couples. With regard to the importance of infertility treatment, spending high costs and time on that, and existence of high-risk
individuals as well as treatment failures, health providers should essentially pay special attention to preconception risk assessment
in infertile couples in order to enhance the chance of success and promote treatment outcome.
Key words: Infertility, preconception care, risk assessment, Iran
Department of Midwifery and Reproductive Health, School of
Nursing and Midwifery, Isfahan University of Medical Sciences,
Address for correspondence: Mrs. Nafisehsadat Nekuei,
Faculty of Nursing and Midwifery, Isfahan University of Medical
Sciences, Hezar Jarib Street, Isfahan, Iran.
a positive pregnancy test (when the mother is unaware of
pregnancy). This time is a golden time to promote mother’s
biologic conditions to accept the fetus as much as possible.
Therefore, preconception counseling concerning a healthy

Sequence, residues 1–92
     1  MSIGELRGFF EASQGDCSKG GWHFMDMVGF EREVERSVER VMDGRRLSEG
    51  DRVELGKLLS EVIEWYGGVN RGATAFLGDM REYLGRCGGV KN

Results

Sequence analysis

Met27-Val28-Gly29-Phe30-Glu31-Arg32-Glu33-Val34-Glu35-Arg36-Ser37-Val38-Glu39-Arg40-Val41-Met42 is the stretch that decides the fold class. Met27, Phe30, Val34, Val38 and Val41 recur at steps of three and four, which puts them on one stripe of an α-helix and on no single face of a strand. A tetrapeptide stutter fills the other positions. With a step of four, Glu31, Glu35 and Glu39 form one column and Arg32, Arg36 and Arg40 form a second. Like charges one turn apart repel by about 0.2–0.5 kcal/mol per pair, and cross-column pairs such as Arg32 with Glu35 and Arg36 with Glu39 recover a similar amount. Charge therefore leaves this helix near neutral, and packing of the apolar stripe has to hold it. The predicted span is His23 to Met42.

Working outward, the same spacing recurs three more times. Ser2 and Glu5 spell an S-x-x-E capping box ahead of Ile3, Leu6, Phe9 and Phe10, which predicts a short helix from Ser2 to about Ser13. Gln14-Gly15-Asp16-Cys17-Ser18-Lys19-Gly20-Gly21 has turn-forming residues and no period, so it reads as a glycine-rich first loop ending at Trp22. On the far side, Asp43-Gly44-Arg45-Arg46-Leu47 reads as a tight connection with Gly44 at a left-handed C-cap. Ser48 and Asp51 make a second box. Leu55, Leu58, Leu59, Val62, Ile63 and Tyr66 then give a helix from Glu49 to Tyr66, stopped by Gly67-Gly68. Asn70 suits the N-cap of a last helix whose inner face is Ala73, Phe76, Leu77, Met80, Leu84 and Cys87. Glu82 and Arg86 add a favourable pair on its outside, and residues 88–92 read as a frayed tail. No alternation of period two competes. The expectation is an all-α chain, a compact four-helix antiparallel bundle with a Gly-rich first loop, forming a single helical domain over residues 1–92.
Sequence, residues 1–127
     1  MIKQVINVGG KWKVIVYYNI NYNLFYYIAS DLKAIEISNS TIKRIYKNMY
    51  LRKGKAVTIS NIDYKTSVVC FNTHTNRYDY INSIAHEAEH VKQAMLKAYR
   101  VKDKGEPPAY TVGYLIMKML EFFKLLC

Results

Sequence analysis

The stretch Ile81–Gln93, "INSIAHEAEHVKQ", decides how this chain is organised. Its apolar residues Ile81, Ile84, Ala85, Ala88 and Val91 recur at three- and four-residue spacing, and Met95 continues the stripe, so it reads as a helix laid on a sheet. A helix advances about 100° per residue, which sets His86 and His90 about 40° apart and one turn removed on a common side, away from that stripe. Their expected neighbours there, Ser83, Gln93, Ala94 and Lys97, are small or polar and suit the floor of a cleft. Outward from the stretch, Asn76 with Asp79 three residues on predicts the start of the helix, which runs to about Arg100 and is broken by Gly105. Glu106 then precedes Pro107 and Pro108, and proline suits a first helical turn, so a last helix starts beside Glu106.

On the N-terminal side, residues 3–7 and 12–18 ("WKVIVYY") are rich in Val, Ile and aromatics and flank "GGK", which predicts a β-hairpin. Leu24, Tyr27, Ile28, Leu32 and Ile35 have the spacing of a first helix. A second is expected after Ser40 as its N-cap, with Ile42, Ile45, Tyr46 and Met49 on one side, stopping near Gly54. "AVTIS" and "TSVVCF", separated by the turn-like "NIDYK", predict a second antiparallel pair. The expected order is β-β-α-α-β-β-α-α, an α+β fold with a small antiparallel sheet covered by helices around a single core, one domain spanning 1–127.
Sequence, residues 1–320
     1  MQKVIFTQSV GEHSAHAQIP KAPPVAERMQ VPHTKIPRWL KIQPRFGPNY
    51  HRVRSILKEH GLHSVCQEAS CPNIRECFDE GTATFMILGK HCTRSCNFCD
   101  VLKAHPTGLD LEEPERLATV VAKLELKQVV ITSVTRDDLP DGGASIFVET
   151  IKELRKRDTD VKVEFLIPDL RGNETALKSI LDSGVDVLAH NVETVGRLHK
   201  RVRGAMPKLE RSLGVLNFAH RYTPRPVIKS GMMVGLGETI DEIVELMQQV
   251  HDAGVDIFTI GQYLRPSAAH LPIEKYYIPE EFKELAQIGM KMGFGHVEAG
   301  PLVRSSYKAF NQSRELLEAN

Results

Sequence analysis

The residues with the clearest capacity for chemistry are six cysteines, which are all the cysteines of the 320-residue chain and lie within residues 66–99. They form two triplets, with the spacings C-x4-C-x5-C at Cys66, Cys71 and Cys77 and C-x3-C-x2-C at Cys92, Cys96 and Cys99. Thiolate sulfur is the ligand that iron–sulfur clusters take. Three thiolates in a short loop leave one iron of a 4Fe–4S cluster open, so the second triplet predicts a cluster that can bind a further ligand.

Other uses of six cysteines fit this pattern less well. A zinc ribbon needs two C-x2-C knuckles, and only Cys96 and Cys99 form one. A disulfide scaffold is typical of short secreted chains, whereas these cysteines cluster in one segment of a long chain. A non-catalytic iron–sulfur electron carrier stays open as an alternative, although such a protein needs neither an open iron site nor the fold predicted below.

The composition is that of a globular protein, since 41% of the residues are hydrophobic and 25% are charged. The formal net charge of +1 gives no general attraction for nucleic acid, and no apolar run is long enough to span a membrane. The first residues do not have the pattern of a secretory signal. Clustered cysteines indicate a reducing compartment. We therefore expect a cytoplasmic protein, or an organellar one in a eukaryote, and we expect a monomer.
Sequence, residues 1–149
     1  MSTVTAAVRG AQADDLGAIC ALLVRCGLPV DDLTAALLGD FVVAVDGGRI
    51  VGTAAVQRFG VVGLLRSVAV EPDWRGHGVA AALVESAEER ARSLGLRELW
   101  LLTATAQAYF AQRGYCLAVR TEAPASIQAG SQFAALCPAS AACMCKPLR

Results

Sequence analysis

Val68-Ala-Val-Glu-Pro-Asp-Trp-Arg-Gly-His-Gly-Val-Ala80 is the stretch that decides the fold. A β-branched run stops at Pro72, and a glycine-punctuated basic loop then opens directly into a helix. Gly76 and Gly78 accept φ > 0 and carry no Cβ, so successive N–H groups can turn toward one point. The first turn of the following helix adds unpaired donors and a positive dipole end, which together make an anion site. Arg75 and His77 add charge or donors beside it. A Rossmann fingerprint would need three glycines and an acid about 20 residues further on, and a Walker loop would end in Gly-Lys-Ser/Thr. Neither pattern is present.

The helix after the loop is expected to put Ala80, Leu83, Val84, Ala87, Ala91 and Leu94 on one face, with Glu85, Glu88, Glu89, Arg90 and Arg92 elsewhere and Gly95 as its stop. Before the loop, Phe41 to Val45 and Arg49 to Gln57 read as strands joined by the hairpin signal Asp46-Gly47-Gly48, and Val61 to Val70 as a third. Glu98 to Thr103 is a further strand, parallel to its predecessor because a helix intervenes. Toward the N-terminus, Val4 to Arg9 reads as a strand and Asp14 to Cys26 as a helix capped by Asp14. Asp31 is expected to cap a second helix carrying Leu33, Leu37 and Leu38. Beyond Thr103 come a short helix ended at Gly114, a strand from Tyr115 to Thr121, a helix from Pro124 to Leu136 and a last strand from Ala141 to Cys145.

lifestyle and reduction of risk factors should start before
pregnancy to ensure mothers’ good health in this crucial time
and during the whole pregnancy period. Inappropriate
conditions that influence pregnancy can be detected by
preconception risk assessment (as an important part of
preconception care (PCC)), either to be deleted or to be
modified in order to promote pregnancy outcome. The result
of this latter action is provision of the best quality of life for
the fetus, infants, and children through primary prevention
as the goal of PCC. One of the important target groups for
this function is infertile couples. Based on statistics, about
5‑10% of couples at reproductive age s uffer from infertility.